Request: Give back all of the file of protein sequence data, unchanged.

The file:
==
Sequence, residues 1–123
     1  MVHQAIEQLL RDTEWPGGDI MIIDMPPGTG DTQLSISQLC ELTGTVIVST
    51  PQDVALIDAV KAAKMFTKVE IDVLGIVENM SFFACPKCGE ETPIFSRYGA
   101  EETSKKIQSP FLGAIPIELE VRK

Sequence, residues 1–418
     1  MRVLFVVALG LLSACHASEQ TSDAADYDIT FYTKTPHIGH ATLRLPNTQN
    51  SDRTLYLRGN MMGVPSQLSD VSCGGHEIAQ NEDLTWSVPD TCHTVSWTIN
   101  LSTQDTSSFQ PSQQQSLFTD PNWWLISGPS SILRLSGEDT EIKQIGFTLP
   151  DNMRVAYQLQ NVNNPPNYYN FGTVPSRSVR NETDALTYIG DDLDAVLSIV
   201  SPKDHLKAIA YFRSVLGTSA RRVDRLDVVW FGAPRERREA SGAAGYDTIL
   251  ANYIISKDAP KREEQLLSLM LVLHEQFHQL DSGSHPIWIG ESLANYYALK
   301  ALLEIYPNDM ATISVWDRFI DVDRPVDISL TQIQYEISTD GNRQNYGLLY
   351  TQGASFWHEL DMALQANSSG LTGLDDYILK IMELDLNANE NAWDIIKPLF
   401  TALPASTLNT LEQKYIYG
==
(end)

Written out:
Sequence, residues 1–123
     1  MVHQAIEQLL RDTEWPGGDI MIIDMPPGTG DTQLSISQLC ELTGTVIVST
    51  PQDVALIDAV KAAKMFTKVE IDVLGIVENM SFFACPKCGE ETPIFSRYGA
   101  EETSKKIQSP FLGAIPIELE VRK

Sequence, residues 1–418
     1  MRVLFVVALG LLSACHASEQ TSDAADYDIT FYTKTPHIGH ATLRLPNTQN
    51  SDRTLYLRGN MMGVPSQLSD VSCGGHEIAQ NEDLTWSVPD TCHTVSWTIN
   101  LSTQDTSSFQ PSQQQSLFTD PNWWLISGPS SILRLSGEDT EIKQIGFTLP
   151  DNMRVAYQLQ NVNNPPNYYN FGTVPSRSVR NETDALTYIG DDLDAVLSIV
   201  SPKDHLKAIA YFRSVLGTSA RRVDRLDVVW FGAPRERREA SGAAGYDTIL
   251  ANYIISKDAP KREEQLLSLM LVLHEQFHQL DSGSHPIWIG ESLANYYALK
   301  ALLEIYPNDM ATISVWDRFI DVDRPVDISL TQIQYEISTD GNRQNYGLLY
   351  TQGASFWHEL DMALQANSSG LTGLDDYILK IMELDLNANE NAWDIIKPLF
   401  TALPASTLNT LEQKYIYG